Fig.1. The effect of MCC loading and glycerol
The effect of OPEFBMCC loading and glycerol content on elongation at break is given in Fig. 2. It shows that addition of MCC might decrease the elongation at break yet the value increased after treated with glycerol for any of MCC content. When the MCC was loaded in the matrix, the film surface became denser thus created a difficulty in molecules movement and lowered the flexibility of films and elongation at break. This is related to the crystallinity and MCC size that were well distributed and the polar interaction between molecules in composites which generated the solidity of film surface. On the other hand, glycerol treatment might improve the elongation at break due to its hydrophilicity with low molecular mass and thus it could enter the starch chain without any hindrance. Next, the glycerol might remove the intermolecular interaction in starch and increase the gap between the starch chain [6,15]. This might allow the starch molecules to move freely when stress was applied and thus lowered the tensile strength and increased its elongation at break.
The plastic materials could absorb several amount of water and its presence could provoke the characteristic of plastics. The effect of OPEFBMCC loading and glycerol content on water absorption (WA) is given in Fig. 3. It could be seen that the WA decreases as the MCC content increases but the WA increases as the glycerol content increases for each composition of MCC. The addition of MCC would decline the WA ability due to high degree of crystallinity of MCC. Besides, this could also be affected by the formation of hydrogen bonding from cassava starch with hydroxyl group from cellulose molecule that might reduce the diffusion of water molecules in the composites. The addition of glycerol increased the WA as the hydrophilicity of composite films was enhanced, thus there were more hydroxyl groups that could interact with water through hydrogen bonding .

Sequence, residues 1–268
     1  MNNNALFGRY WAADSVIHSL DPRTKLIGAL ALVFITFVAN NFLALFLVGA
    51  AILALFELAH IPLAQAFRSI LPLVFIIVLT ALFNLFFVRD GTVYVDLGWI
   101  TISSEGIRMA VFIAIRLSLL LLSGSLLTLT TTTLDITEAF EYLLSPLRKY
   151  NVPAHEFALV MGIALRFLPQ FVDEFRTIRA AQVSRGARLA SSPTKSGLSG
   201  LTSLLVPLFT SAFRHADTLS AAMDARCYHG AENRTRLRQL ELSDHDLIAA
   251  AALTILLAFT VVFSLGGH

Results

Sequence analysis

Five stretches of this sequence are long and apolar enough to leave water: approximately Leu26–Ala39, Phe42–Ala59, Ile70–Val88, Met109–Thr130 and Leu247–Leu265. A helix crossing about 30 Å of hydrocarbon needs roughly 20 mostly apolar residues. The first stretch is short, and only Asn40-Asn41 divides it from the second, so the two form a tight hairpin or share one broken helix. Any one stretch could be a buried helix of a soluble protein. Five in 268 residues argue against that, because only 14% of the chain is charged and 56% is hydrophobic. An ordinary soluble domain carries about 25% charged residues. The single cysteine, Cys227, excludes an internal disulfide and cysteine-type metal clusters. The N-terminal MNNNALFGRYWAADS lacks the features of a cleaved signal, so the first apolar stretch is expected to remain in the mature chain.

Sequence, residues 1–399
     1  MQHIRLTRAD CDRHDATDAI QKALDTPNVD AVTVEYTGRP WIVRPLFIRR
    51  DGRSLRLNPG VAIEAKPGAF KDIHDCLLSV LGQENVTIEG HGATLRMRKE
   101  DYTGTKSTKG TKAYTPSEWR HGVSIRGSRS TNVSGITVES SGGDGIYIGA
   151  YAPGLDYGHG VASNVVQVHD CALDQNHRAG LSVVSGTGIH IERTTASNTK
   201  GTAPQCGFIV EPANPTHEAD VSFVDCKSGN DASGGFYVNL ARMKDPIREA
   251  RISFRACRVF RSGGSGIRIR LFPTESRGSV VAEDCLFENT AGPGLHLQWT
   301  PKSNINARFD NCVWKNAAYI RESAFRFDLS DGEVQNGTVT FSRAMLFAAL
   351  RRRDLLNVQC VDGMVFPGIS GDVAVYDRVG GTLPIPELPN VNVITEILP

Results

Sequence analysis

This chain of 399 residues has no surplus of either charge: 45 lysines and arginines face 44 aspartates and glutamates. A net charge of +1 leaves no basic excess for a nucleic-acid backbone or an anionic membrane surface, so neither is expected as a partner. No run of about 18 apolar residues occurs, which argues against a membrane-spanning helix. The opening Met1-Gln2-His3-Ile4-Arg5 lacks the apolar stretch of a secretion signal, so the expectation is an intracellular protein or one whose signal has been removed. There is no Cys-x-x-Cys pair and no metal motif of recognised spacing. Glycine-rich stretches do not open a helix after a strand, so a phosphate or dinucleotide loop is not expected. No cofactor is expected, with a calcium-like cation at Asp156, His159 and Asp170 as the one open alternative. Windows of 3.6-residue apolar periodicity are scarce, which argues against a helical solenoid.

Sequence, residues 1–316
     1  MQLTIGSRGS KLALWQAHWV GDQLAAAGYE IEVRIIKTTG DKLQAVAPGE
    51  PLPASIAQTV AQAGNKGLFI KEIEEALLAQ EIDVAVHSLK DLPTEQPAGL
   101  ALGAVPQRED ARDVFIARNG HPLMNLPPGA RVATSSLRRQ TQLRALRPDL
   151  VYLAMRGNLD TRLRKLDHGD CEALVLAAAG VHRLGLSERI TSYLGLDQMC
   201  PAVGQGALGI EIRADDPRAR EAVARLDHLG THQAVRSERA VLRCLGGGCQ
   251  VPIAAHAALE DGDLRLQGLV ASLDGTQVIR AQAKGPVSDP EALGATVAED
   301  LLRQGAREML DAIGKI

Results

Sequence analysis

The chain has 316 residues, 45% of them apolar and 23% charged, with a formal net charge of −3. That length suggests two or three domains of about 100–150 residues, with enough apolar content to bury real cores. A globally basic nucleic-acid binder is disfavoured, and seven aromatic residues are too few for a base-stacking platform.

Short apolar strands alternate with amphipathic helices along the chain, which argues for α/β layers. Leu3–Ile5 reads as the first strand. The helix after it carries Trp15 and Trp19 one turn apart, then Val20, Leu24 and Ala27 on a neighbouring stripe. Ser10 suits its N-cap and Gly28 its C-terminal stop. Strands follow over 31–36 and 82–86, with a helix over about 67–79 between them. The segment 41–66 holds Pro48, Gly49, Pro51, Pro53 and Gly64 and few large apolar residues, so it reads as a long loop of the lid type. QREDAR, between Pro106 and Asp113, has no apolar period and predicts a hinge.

Fig.3 Effect of MCC loading and glycerol content on water absorption.
Fig.4. SEM micrographs of: (a) Glycerol 20% and MCC 0%, (b) Glycerol 20% and MCC 10%, and (c) Glycerol 35% and MCC 10%.
The SEM micrographs of composites fracture are shown in Fig. 4. There is a difference in morphology of the composites between Fig. 4.(a) and Fig. 4.(b) indicating that the addition of MCC in composites influences the starch, glycerol and MCC to be attached together. This explains that the enhancement in tensile strength is due to the addition of MCC in cassava starch composites. When the glycerol content was increased (Fig. 4.(c)), it might cover up the surface of starch matrix hence the interaction between starch molecules and between starch-MCC lessened and resulted in deteriorating properties of mechanical strength.
The addition of OPEFBMCC as filler has improved characteristics of cassava starch composites, mainly in tensile strength properties and water absorption. In this study, maximum concentration of OPEFBMCC that could load in cassava starch composites for giving the best characteristic was 10%. However, for each OPEFBMCC composition, the addition of glycerol (20-35%) gave opposing characteristics of cassava starch composites.
The first author (Novie Hairani) would like to thank Indonesian Oil Palm Research Institute, Medan, Indonesia for the financial support.